Great question. After all, according to some of the myths of the field, volunteers can manage themselves, right? So doesn't that just make volunteer management professionals a sort of unnecessary middleman?
Actually, no. For as soon as your organization has decided to involve volunteers (here are some tips to make sure your organization is ready), there are a number of things that need to happen: finding volunteers, matching their skills and interests to the needs of the organization, supervision and recognition, etc. Without a volunteer management professional on staff – whether they be paid or volunteers themselves – volunteers often fall between the cracks of already busy organizations and are left to fend for themselves or forgotten altogether. In either case, the end result is a volunteer who doesn't feel valued or engaged. And that is a volunteer who will leave, taking with them the energy and time they could have contributed to the mission as well as, potentially, ill will towards the organization for how they were treated (think of it as negative PR).
But don't take our word for it. Consider research on the matter. A 1998 study conducted by the UPS Foundation found that two out of five volunteers stopped giving time to an organization due to poor volunteer management practices. More recently, The Urban Institute found in 2004 that while four out of five charitable organizations use volunteers (with 90% ready to take on more volunteers), only three in five had a paid volunteer management professional on staff. And of those with a staff volunteer management professional, half spent less than 30% of their time on volunteer management.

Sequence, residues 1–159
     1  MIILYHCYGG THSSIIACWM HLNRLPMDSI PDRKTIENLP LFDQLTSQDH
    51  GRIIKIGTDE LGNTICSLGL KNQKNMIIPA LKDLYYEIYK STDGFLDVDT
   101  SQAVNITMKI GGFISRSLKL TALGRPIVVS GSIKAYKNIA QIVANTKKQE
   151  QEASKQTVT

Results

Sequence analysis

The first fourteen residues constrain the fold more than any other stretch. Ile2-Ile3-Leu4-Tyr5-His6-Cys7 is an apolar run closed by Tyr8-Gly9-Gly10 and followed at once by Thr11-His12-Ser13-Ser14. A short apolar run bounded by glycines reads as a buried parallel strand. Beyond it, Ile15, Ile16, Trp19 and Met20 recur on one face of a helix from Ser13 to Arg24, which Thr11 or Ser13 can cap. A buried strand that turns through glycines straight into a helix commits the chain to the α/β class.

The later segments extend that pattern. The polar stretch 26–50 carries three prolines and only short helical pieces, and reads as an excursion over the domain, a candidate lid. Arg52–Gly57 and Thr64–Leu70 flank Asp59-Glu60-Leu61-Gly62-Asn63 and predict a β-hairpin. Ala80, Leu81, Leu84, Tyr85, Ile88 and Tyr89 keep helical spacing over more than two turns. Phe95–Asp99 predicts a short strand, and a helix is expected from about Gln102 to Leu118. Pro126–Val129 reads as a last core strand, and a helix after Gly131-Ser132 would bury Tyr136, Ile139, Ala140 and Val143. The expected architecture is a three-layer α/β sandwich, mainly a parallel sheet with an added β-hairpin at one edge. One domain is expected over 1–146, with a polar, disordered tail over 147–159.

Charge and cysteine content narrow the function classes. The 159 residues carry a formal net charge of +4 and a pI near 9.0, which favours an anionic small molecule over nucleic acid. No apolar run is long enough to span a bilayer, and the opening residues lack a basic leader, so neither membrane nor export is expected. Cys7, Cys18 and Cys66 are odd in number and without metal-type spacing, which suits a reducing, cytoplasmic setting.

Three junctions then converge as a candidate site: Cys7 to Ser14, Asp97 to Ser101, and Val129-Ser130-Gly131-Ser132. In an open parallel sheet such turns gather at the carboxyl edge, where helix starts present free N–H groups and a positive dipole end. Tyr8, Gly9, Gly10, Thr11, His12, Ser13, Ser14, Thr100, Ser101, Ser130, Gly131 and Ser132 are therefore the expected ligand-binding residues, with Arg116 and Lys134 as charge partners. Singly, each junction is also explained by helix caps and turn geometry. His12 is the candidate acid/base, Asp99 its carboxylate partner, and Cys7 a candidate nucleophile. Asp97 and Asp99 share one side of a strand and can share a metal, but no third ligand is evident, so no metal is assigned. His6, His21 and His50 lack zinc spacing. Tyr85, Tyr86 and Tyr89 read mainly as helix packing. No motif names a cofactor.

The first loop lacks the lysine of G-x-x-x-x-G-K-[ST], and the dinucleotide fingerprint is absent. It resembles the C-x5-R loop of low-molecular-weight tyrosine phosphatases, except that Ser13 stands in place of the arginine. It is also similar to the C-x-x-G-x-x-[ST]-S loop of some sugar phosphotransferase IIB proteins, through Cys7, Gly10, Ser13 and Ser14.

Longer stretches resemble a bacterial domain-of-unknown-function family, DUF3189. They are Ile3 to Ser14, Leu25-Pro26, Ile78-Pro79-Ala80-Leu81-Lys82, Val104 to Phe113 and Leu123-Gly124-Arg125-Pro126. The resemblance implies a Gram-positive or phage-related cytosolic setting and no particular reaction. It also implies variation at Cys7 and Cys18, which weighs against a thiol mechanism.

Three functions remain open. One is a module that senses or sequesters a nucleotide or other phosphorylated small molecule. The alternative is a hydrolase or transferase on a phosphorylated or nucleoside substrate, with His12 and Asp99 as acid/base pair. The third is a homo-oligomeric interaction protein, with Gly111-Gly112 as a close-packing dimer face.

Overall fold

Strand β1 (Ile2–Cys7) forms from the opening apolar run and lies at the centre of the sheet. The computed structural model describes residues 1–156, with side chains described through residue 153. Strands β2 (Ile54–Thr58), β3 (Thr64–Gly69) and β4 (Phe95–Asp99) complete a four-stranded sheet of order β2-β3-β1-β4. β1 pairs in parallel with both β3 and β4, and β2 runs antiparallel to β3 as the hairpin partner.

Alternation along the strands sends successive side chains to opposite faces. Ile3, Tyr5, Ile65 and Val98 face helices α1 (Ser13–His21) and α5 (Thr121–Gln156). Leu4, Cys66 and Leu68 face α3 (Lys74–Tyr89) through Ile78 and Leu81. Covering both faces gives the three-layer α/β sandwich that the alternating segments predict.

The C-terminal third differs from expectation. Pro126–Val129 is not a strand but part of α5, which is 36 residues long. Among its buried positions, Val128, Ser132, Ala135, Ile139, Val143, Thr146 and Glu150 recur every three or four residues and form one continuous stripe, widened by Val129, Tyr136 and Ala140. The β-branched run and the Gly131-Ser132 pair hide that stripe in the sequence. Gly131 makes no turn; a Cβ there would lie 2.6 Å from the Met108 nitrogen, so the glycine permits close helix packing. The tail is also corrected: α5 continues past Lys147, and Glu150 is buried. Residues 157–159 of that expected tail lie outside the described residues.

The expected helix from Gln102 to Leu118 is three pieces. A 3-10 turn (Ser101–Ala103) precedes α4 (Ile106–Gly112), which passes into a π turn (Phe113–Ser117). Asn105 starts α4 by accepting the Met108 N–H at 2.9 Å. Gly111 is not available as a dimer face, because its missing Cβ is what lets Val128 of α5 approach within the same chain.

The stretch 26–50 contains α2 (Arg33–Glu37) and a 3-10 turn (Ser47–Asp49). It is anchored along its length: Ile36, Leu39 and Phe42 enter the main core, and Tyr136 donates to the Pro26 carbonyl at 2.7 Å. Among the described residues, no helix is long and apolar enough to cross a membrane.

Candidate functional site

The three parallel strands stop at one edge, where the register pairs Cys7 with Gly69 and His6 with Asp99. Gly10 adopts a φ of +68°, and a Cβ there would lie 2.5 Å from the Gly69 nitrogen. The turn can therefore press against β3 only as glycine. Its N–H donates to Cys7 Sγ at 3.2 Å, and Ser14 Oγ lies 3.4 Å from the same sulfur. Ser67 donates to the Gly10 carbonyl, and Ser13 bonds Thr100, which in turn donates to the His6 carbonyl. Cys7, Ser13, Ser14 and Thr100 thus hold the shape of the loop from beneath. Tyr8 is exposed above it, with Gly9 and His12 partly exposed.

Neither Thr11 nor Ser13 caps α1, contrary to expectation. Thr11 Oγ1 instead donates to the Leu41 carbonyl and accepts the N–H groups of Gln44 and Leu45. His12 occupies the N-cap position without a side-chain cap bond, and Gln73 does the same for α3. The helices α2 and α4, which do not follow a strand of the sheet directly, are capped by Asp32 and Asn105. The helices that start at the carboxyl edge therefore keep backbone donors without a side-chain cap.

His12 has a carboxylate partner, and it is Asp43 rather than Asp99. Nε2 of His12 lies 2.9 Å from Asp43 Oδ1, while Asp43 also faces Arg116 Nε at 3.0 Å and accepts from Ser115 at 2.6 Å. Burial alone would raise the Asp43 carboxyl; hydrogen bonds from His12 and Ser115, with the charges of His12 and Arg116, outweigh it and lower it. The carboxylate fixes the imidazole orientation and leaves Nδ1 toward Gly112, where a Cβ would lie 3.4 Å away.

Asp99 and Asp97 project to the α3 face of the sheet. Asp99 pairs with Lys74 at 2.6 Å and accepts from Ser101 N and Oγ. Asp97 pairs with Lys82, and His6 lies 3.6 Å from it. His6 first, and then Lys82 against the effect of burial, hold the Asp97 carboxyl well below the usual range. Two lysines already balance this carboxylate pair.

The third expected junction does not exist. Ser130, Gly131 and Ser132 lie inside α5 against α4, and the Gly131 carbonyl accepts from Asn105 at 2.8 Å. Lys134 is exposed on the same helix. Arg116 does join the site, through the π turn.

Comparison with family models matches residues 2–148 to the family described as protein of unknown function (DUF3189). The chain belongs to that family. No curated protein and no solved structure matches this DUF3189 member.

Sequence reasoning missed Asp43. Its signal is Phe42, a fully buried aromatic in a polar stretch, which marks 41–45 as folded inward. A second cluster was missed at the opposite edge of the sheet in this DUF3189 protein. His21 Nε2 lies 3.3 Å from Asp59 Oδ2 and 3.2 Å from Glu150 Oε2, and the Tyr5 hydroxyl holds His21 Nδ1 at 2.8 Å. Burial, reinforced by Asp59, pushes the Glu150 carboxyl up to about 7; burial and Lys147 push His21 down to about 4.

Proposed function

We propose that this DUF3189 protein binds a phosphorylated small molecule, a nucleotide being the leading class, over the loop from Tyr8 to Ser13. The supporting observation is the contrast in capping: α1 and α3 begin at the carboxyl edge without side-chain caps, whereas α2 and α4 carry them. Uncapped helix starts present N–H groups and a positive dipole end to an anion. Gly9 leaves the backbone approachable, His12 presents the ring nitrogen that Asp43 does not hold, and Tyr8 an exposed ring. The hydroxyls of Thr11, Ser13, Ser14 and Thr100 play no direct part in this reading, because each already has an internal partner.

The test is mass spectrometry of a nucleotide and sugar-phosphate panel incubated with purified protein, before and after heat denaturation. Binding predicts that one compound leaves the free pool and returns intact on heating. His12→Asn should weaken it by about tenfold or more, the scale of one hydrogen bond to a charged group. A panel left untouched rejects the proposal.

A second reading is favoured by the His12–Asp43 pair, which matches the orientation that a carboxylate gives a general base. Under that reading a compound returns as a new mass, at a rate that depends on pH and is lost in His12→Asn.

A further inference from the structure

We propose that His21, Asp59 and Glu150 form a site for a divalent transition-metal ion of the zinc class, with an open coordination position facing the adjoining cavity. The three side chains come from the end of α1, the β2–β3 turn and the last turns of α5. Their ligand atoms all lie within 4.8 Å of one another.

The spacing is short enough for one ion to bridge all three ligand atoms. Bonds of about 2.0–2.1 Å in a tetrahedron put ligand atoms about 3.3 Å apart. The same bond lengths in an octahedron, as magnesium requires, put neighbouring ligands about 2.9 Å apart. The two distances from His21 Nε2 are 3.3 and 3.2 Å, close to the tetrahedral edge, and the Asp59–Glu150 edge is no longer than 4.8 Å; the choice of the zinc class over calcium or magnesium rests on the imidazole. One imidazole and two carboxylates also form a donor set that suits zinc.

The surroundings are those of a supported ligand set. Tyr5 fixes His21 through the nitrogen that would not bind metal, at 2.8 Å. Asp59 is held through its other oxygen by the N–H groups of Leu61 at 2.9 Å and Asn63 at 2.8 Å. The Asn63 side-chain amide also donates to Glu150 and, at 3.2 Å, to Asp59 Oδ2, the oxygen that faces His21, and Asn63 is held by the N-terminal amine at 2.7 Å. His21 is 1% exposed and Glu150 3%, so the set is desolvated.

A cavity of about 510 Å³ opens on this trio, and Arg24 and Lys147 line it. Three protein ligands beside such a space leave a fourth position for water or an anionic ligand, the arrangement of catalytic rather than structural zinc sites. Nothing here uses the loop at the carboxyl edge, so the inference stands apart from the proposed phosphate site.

Perhaps even more striking was the finding that the percentage of time a paid staff member devoted to volunteer management was positively related to the capacity of the organization to work with more volunteers. At the same time, researchers found that as time spent managing volunteers increased, adoption of volunteer management best practices also increased, leading to a situation where increased investment in volunteer management leveraged the benefits to the organization of involving volunteers, and vice versa.
So what does all this mean? It means volunteer management professionals are vital to the success of a volunteer program. That having a paid volunteer management professional on staff increases the capacity of the organization to involve volunteers. That having a volunteer management professional on staff leverages the impact volunteers have on the organization and its mission. The bottom line is that volunteer management isn't middle management. It's capacity building, relationship managing, public relations…you get the idea. However you frame it, it's important.